Conference Paper

STUDENTS AND TEACHERS CO-DESIGNING MEDIA-RICH DOCUMENT RESOURCES IN AN ASYNCHRONOUS VIRTUAL PERSONAL LEARNING ENVIRONMENT

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Abstract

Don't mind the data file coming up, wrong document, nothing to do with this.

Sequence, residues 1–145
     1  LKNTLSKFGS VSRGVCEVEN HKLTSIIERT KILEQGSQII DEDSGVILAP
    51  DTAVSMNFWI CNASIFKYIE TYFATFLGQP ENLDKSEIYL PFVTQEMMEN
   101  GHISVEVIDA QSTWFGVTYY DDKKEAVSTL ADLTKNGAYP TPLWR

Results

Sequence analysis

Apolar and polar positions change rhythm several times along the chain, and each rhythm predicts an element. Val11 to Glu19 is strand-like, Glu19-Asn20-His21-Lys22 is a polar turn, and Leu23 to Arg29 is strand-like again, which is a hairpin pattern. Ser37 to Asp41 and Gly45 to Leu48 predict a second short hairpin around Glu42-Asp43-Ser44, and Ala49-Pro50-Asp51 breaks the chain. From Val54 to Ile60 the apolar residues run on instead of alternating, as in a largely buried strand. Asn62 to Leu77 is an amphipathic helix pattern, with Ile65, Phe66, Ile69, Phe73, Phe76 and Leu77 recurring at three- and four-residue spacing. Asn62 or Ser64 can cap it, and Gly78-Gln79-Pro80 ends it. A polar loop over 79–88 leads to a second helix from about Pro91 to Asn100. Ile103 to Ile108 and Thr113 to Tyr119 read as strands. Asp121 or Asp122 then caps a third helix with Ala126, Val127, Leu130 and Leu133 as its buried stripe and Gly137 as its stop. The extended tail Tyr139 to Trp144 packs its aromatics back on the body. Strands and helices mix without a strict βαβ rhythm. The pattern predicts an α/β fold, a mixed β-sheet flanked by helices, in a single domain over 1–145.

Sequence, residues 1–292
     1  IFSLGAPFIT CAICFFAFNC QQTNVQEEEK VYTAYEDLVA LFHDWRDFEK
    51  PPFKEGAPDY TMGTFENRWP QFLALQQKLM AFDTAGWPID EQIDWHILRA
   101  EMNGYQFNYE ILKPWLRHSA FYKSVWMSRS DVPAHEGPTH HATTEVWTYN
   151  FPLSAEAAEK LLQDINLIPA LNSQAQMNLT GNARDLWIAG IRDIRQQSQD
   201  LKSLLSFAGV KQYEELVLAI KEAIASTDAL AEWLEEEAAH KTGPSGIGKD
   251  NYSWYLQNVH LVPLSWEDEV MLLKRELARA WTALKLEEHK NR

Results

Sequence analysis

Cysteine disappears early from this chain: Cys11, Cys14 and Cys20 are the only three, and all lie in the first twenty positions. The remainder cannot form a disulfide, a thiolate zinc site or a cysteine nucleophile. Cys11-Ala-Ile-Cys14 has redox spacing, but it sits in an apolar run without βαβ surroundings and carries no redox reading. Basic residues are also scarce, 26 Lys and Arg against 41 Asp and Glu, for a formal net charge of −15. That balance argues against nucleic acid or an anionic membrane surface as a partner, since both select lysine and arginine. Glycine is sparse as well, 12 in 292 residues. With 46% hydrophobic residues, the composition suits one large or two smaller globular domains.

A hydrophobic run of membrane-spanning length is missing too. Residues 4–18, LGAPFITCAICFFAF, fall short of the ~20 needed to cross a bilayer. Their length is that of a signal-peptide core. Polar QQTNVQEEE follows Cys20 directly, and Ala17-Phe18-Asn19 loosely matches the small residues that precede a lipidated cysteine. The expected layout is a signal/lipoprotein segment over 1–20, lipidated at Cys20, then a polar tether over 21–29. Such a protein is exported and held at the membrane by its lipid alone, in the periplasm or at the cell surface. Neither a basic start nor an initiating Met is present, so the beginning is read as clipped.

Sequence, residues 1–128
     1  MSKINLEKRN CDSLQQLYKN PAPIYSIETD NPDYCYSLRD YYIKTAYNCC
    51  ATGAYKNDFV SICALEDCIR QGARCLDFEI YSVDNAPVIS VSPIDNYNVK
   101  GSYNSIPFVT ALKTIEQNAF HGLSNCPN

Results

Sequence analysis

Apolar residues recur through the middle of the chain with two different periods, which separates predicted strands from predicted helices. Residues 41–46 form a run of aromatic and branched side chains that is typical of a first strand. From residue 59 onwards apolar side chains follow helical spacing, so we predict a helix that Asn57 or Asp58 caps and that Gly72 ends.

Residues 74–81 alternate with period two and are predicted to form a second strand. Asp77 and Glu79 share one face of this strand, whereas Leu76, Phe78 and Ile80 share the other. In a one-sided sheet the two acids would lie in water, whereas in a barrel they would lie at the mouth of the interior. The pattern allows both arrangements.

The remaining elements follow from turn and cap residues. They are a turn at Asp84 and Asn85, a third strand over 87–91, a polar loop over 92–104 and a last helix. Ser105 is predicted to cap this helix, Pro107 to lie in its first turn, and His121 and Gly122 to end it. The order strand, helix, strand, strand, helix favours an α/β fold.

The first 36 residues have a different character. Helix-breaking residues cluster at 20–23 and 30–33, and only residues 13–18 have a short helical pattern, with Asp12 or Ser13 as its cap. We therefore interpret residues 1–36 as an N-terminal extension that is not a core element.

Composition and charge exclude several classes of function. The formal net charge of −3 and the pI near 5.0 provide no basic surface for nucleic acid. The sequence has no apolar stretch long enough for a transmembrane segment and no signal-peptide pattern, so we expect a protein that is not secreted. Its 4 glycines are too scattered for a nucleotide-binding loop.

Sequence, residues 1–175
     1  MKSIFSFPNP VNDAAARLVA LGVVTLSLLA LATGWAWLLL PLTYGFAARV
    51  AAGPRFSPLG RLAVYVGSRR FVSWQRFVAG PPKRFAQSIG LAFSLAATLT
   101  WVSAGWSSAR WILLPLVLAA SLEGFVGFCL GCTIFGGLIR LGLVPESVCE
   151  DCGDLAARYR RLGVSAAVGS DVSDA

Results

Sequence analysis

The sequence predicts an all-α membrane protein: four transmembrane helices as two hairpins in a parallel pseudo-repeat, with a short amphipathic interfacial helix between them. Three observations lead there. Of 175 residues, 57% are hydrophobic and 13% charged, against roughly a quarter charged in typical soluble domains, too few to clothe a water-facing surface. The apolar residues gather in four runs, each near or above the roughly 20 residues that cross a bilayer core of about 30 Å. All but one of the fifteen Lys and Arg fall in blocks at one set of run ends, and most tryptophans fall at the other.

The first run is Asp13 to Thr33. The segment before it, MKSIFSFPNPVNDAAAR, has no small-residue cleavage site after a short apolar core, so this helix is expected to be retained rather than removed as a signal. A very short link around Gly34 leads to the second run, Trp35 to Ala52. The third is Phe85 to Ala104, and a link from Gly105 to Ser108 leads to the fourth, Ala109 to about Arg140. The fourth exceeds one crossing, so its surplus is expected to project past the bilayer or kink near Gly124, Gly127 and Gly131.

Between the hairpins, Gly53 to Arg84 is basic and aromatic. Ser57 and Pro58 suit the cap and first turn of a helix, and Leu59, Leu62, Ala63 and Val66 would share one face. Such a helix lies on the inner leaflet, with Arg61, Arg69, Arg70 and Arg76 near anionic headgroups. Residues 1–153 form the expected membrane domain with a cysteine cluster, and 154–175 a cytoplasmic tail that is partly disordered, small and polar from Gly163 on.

For more than a decade higher education has been experiencing a shift from students as consumers to students as creators of technology due to the emergence of customisable technologies enabling people to become creators of social media content. This paper introduces a virtual personal learning environment for creating, organising, and sharing media-rich document resources. This technology was developed to address issues in asynchronous online distance education around student engagement and isolation, and to enable academic staff to author their own teaching content. Its implementation was informed by design-based research undertaken from an interaction design perspective with bridging design prototypes. Its educational foundations are drawn from the fields of study skills for academic success, visual design and metacognition, and networked learning for promoting connection between people. The implementation of a same interface for students and academic staff to use has broadened participation in the creation of study resources, facilitated opportunities for interesting individual and collaborative study activities, and administrative tasks have been reduced. These changes in academic study behaviour have transformed teachers and students into co-designers of innovative pedagogical practices that take the form of media-rich documents organised in folder collections. Two cases studies in higher education illustrate these innovations in which a whole class is organised in groups for undertaking collaborative assignments in a manner that progressively moved the learning connections from lecturer-to-student to learner-to-learner. A qualitative analysis shows this virtual environment affords social interactions around learning concepts that promote active student learning and participation in online teaching programmes using flipped classroom and blended learning models.

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